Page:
Unfortunately at too many colleges today, the typical campus culture does not help students grow, rather it arrests their growth and may set them on a path that they otherwise would not want to choose for themselves. So it is important that you carefully consider the campus culture, the types of activities offered, and with what sort of fellow travelers you would be preparing for the rest of your life.
Now consider the possibilities of a faithful, Catholic education: studying the great works of mankind and coming to a fuller understanding of God, creation, philosophy, history, and science. Knowing not only the facts but the reasons. Learning not only skills but how to think clearly and rationally in any situation. Having a great time, yes, but also cultivating virtue so that you become the man or woman you and your parents hope you will be. Instead of enduring four years of the temptations of modern campus life, enjoying four years of a genuine Christian culture that cultivates love, respect, and fidelity.
What a wonderful opportunity you would have for four years! Access to the Sacraments, spiritual direction, Bible studies, courses in authentic Catholic theology, community prayer, and much more is available to you at a strong Catholic college.
I pray that you choose this type of wonderful education for yourself, because I truly believe that it will benefit you personally—but also because our Church and our nation need well-formed and educated Catholics. Our culture so greatly needs the contributions of intelligent, faithful Catholics in all walks of life. As a college graduate, you will have opportunities to influence others in your family, of course, but also in your workplace, your community, and your parish. And we need faithful, well-educated Catholics to serve in public office, to become your generation’s leaders on issues of religious freedom, moral concerns, and care for the poor.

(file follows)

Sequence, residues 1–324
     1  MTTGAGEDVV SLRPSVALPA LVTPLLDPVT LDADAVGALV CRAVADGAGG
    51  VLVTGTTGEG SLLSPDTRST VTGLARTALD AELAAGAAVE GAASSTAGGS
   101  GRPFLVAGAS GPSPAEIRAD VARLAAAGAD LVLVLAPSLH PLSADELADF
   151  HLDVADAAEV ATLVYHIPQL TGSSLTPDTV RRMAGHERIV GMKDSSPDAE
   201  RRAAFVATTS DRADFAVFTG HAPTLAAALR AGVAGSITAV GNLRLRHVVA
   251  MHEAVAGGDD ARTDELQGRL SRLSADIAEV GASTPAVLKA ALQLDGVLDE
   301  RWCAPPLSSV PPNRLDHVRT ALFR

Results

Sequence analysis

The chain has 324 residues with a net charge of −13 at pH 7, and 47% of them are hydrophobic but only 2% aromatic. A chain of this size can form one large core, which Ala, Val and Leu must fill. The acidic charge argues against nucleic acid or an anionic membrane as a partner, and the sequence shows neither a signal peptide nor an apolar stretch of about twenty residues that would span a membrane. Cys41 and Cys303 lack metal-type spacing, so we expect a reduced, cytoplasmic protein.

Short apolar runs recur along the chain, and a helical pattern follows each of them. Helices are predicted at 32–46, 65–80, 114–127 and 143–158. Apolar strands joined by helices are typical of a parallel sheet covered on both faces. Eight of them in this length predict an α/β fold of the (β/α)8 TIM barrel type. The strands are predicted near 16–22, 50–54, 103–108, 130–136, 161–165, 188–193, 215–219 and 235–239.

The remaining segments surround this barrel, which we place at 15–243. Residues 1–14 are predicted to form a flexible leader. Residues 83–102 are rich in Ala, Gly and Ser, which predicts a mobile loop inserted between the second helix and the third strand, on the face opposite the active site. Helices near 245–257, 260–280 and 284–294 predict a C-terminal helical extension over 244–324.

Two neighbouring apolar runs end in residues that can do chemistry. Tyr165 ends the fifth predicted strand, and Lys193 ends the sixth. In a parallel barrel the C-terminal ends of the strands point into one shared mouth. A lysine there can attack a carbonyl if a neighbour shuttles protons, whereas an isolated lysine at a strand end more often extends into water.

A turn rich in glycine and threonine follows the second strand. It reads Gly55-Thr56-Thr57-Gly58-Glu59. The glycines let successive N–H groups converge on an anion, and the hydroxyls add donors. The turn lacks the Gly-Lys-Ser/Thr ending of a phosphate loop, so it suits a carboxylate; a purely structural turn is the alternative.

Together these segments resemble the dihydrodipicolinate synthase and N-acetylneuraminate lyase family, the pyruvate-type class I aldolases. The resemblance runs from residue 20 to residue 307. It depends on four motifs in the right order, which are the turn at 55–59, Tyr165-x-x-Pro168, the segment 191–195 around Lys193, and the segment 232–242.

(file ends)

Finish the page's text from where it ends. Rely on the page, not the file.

As a bishop, I am so grateful for the work of Catholic educators and for what they provide young men and women like you. We need dedicated lay men and women, living unified lives of faith, hope, and love, to sanctify the world through their work and their families. We need prayerful, zealous, and intelligent men and women to answer Christ’s call to the consecrated life. We need a new generation of priests and missionaries to boldly and faithfully carry out the challenge of the New Evangelization.
For these reasons and more, it is so encouraging to me and my brother bishops that you have an opportunity to choose a college that provides an excellent academic education and that is deeply rooted in and faithful to the Catholic tradition. This publication will help provide you the tools you need to make such a choice.
Most importantly, I pray that your college education helps you become the saint you are called to be. To be a saint means to become, in the words of Catholic evangelist Mathew Kelly, “the best version of yourself.” It will mean succeeding at every level while learning “to be in the world and not of the world.” It will mean passing this on to others (evangelizing). Thus, you will need the tools and opportunities necessary to allow you, by the grace of God, to think and act like Christ.
Read on and then discuss your college options with others who care for your future—including, I hope, your parish priest or other spiritual advisor. Pray for guidance; and with your parents, I trust that you will come to a decision which will enhance your education and bring you closer to Christ, our Hope.
May God bless your college experience and the exciting life that lies before you! This I pray in the name of the Father, the Son, and the Holy Spirit.